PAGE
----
Thursday, 2 July 2015

Some thoughts on Tunisia

In November we spent a week at the Imperial Marhaba Hotel in Port el Kantaoui, Tunisia - it's an unashamedly tourist-aimed hotel catering to the all-inclusive market, and we were after a cheap holiday to have a break from work. The hotel is great, and the staff some of the friendliest you could meet (looking at you, Latifah the friendly waitress who always brought us two cocktails each rather than one).

Last week the hotel became well-known for the wrong reasons when an ISIS gunman shot and killed upwards of 30 on the hotel's beach and around the gardens - mostly British tourists enjoying a precious, trouble-free break just like we did. This was not the far-away, hostile place you imagine this kind of unprovoked attack taking place. It was a safe, fun, relaxing resort. Being able to clearly visualise the path taken by that gunman is really haunting. Imagining tourists like us - and families like my own - in his path is devastating.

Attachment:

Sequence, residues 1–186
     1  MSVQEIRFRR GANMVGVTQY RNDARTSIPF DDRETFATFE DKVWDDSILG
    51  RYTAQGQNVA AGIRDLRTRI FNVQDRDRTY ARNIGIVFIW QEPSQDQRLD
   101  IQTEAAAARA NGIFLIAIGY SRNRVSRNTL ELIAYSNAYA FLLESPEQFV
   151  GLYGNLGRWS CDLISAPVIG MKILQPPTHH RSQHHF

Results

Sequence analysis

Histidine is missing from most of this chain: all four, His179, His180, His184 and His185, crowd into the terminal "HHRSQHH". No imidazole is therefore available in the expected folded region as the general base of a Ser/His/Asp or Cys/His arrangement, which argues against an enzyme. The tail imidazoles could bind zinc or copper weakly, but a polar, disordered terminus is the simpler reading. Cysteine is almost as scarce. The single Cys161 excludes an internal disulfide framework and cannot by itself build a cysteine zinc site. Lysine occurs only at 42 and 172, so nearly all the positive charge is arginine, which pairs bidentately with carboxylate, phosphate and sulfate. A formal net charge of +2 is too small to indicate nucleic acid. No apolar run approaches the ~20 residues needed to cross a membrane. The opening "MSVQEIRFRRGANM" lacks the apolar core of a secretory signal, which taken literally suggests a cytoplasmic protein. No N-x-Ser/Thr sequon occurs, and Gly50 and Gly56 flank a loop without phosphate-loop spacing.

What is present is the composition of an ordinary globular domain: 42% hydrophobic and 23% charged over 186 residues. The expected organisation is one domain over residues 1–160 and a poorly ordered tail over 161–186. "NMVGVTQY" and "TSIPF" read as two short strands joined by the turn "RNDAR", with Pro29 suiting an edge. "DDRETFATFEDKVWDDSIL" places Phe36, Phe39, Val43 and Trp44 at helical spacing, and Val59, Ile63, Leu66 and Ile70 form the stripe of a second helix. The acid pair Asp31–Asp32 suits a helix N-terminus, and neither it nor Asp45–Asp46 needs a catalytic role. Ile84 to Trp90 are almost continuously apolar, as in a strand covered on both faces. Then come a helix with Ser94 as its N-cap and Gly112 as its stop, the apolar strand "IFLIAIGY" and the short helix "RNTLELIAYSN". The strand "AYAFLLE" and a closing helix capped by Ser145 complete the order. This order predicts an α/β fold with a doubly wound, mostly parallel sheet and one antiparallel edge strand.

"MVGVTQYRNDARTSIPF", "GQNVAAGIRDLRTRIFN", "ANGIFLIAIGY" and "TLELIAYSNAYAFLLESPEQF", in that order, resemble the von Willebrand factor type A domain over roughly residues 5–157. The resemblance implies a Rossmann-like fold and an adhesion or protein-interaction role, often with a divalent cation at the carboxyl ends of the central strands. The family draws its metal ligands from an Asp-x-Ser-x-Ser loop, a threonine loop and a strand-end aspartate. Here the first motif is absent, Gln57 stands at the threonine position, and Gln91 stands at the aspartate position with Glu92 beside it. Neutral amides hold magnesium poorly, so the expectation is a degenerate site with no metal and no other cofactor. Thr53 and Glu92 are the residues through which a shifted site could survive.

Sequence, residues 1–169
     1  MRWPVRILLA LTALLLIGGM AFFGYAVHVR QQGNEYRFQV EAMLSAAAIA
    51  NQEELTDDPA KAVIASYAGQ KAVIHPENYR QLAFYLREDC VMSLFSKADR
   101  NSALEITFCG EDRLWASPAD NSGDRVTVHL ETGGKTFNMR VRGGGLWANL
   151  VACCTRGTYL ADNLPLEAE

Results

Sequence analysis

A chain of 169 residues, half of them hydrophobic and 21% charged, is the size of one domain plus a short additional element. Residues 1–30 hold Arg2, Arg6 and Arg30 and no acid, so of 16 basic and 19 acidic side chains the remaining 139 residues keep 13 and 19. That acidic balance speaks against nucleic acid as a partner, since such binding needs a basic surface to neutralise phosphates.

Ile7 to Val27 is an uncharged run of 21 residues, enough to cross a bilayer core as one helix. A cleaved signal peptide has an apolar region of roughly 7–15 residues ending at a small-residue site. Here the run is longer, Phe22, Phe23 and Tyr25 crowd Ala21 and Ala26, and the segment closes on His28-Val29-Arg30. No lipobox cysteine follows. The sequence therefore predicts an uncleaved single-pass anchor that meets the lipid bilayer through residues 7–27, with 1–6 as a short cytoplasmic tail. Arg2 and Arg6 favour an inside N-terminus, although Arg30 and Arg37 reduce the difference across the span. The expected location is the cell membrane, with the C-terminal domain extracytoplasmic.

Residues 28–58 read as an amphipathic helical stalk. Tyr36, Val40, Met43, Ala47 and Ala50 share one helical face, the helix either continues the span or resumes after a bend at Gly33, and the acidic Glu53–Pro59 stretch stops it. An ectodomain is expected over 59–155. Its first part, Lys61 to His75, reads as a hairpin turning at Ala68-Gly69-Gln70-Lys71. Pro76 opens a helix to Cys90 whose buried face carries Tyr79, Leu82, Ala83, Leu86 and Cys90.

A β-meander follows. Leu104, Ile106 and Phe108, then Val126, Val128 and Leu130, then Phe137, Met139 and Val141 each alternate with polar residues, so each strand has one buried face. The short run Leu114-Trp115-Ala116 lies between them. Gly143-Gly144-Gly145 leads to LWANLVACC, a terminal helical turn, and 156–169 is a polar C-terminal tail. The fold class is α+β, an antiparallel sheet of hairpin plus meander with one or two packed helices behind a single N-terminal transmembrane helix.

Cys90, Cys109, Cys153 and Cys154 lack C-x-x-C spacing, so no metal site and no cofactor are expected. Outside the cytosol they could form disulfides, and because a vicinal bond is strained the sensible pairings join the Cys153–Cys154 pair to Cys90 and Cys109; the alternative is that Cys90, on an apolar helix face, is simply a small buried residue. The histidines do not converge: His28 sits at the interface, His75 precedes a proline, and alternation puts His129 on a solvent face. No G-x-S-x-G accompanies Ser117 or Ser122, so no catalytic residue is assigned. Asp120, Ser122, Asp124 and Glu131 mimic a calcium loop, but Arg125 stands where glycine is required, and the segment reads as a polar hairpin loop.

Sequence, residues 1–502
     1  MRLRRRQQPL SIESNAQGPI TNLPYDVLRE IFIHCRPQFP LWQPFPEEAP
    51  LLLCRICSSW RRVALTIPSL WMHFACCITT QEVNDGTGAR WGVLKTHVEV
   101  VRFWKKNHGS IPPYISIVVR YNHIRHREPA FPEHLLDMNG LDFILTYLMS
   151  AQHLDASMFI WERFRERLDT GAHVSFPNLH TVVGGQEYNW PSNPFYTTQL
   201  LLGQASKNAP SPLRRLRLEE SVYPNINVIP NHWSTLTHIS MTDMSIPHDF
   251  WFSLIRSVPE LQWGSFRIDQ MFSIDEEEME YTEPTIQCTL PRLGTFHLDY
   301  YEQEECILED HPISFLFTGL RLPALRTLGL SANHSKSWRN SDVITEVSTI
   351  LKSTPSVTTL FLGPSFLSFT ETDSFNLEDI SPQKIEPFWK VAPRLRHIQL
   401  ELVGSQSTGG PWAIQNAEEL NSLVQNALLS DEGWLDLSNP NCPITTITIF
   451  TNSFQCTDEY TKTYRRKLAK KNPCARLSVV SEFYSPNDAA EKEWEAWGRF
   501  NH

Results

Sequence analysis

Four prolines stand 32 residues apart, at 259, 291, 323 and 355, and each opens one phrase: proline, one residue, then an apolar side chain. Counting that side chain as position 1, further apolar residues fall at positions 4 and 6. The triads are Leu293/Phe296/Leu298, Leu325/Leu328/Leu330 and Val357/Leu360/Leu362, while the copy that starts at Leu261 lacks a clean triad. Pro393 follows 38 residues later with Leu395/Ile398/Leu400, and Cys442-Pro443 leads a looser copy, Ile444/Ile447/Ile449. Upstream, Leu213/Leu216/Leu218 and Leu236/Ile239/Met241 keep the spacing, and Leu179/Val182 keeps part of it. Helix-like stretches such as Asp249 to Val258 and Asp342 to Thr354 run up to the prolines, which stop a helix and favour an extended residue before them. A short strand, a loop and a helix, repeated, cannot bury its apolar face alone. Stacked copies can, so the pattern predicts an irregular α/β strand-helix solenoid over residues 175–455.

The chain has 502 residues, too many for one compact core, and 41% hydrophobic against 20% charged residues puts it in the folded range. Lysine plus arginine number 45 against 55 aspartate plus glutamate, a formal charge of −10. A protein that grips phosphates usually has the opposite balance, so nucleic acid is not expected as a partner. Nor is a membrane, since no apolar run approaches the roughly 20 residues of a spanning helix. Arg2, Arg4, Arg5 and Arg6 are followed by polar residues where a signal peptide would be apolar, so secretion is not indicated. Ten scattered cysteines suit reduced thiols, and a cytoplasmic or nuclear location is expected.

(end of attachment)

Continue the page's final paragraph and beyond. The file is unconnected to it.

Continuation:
We usually cram as much as we can into holidays, dashing around crowded cities and manically flicking through guide books to get as much done as possible. Tunisia was different - we deliberately picked a hotel where we had to do as little as possible and do whatever we wanted, at our own pace.

The town of Port el Kantaoui is essentially built to serve the needs of the tourists who go there - restaurants, bars, souvenir shops. But the locals rely on this trade to live their lives. And not much further afield there are beautiful ancient sites - El Djem Colosseum is one of the most incredible places I've visited, for example. The tour guides who took us there, and the locals we met in towns, farms and museums along the way, spoke passionately about the region - in the run up to the election, they were keen to explain why they were excited to vote for the chance to start making their country one of the best in the world.

This was a pointless and tragic attack. Attention now is rightly on the families of those who died. But I hope for the sake of the many friendly, welcoming people we met in that hotel and the surrounding area that people continue to visit and experience the incredible, picturesque sights of a beautiful, historic and embracing country.

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